Our winter is unusually wet and cold at the moment, making visits to our beaches prohibitive. The evocative exhibition at the Pasadena Museum of California Art, “In the Land of Sunshine: Imaging the California Coast Culture” (through February 19), will punch the emotional buttons of anyone who has sand in the shoes of their psyche.
Gordon McClelland has curated many marvelous coast-themed shows (including the landmark 2007 Rick Griffin retrospective at the Laguna Art Museum); he assembled this impressive overview of California Coast depictions. Painters like Raymond Yellin, Edward Hill, and William Coulter found the Northern California coast irresistible as subject matter by the end of the 19th Century. But the inclusion of Hashimoto Sadahide’s 1862 woodblock print “Departing San Francisco” shows that the subject matter attracted artists from all over.
In the early 20th Century, art colonies took root in La Jolla, Laguna, Santa Barbara and elsewhere. Modernism asserted itself into bucolic imagery: Phil Dike’s “Offshore View” looks at the palette knife-blocked palisades of Cambria from the water, while his teeming “Newport Fish Market” (both from the 1950s) breaks the street scene into vibrant shapes and colors. Max Beckman’s rough-hewn shapes from the Weimar Republic are hinted at in a Long Beach scene; while the exquisite color bleeds in Dong Kingman’s watercolor exploit the medium’s capacity for serendipity.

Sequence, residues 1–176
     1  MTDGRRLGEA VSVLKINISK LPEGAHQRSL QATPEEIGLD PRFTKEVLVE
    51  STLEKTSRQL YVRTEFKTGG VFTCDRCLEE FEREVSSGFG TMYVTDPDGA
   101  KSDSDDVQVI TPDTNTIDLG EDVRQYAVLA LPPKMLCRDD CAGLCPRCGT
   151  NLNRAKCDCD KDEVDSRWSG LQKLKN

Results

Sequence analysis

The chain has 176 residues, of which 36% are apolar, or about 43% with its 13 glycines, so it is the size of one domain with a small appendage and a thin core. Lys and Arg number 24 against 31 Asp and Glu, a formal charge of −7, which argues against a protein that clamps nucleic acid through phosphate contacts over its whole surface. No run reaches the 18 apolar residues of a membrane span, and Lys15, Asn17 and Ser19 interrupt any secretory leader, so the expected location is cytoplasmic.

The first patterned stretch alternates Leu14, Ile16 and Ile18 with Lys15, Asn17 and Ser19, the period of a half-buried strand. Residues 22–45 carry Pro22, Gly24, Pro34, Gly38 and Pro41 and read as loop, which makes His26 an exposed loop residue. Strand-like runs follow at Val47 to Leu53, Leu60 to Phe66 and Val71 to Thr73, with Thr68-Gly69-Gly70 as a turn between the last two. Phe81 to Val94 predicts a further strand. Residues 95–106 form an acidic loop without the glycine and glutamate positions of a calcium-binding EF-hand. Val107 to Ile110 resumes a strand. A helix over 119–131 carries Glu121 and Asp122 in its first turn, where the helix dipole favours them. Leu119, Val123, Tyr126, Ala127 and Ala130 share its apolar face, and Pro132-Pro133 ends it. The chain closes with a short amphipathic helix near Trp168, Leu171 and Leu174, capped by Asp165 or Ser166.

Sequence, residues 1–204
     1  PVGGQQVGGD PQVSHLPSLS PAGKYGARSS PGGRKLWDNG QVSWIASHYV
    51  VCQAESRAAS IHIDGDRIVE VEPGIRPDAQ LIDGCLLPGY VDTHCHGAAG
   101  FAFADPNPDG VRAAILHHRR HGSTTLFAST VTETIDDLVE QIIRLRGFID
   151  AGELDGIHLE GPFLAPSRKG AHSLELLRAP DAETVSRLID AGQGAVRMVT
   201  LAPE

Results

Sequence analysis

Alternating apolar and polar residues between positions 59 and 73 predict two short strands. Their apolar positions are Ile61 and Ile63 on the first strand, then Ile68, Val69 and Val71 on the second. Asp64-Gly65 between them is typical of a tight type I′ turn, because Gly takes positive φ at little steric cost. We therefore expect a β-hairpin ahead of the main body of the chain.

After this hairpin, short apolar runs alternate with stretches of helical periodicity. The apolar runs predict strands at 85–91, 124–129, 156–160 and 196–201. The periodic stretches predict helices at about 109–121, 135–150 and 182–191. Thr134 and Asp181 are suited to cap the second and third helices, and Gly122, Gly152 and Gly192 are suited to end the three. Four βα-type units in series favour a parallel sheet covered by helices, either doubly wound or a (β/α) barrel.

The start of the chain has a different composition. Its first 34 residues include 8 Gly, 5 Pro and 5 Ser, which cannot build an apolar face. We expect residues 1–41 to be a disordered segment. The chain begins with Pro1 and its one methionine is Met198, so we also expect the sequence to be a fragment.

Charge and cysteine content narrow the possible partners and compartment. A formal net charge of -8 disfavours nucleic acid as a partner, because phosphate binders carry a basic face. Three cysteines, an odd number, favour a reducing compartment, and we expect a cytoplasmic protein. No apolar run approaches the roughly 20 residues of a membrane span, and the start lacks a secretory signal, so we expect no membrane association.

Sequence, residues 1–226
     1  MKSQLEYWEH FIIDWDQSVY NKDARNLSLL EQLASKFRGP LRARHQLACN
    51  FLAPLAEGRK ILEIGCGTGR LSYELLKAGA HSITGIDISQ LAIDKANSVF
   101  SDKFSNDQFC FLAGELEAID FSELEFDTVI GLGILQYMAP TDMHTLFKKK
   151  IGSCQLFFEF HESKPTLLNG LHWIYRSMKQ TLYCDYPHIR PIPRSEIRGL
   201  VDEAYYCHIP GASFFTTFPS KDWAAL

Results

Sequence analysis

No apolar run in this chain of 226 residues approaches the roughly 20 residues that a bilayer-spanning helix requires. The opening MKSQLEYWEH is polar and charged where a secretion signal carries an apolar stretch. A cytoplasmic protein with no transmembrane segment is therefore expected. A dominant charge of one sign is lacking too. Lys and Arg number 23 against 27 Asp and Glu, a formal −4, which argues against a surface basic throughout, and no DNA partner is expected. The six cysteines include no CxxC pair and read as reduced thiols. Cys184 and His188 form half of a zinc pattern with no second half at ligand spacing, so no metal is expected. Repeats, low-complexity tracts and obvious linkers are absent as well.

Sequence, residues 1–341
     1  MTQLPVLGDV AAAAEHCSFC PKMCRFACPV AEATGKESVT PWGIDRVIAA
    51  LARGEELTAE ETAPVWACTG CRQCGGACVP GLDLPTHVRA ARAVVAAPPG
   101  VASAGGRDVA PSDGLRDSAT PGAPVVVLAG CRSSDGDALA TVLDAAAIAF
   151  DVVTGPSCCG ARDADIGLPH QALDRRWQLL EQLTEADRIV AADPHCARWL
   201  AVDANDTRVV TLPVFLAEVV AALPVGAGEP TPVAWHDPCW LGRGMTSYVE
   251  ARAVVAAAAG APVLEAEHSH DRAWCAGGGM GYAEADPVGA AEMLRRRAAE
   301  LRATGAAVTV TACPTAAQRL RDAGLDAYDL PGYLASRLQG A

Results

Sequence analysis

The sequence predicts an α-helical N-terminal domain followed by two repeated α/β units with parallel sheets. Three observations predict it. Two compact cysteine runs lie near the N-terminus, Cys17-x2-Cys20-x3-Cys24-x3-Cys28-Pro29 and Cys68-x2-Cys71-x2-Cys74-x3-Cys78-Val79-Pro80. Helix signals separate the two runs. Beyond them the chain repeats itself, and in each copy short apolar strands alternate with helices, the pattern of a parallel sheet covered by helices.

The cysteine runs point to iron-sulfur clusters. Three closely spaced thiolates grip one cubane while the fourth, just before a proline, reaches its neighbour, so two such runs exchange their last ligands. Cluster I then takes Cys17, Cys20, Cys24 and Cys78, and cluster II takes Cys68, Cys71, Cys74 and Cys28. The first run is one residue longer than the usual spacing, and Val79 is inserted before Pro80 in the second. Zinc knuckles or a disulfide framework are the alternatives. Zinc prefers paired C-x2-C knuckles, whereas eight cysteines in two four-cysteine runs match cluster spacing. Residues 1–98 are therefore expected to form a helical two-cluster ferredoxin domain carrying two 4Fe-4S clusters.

One of the show’s delights is the discernible changes in light and color in different locales. The turbulent greys, browns and indigos of the Northern California bays and beaches are unmistakable yet distinct. So too is the signature ennui of the diffused oranges, greens and violet greys of William Wray’s “Wilmington Refinery” (2016).
It’s not surprising that McClelland would assemble a knowing wing of the exhibit to surf culture art. Surfing had been depicted as early as the 1930s in serious art but commercial images like “Family Beach Scene” (1952) by Ren Wicks shrewdly played up the idyllic life at Santa Monica Breach.
Jon Severson’s Huntington Beach ode, “Surf Be Bop,” presaged his Surfer magazine empire.
A surf film handbill nods to John Van Hamersveld’s historic Endless Summer poster (1964), but Rick Griffin’s painting for the equally epic Pacific Vibrations poster (1969) is a revelation.
Slick and smooth in reproduction, the acrylic-on-Masonite article has an under-painting impasto, discrete airbrush highlights, and fine accents worthy of hotrod pin-striper von Dutch. The icon for ‘70s surfers walks the tightrope of being richly labored yet not overworked.
A friend grew up in Philadelphia and I once asked her when summer rolls around, what people in that city do for a beach experience; a nearby lake, maybe? “Oh we just get in the car,” she said, “and drive three and a half hours to the Jersey shore.”
In that regard, Pasadena isn’t so terribly far from the beach. Drop into the PMCA.
Kirk Silsbee publishes promiscuously on rock, jazz and culture.
Rex Brandt, Surfriders, 1959. Oil on canvas, 26 x 36 inches. E. Gene Crain Collection
Phil Dike, Newport Fish Market, ca. 1955. Oil on Masonite, 24 x 48 inches. The Buck Collection through the University of California, Irvine
William Wray,Wilmington Refinery, 2016. Oil on board, 34 x 49 inches. Collection of the artist. Photo © 2016 Don Milici
John Severson, Surf Be Bop, 1963. Oil on canvas, 30 x 30 inches. Collection of John Severson
Rick Griffin, Pacific Vibrations, 1969. Acrylic on masonite, 43 x 29 inches. Private Collection
In the Land of Sunshine: Imagining the California Coast Culture | Pasadena Museum of California Art | thru Feb 19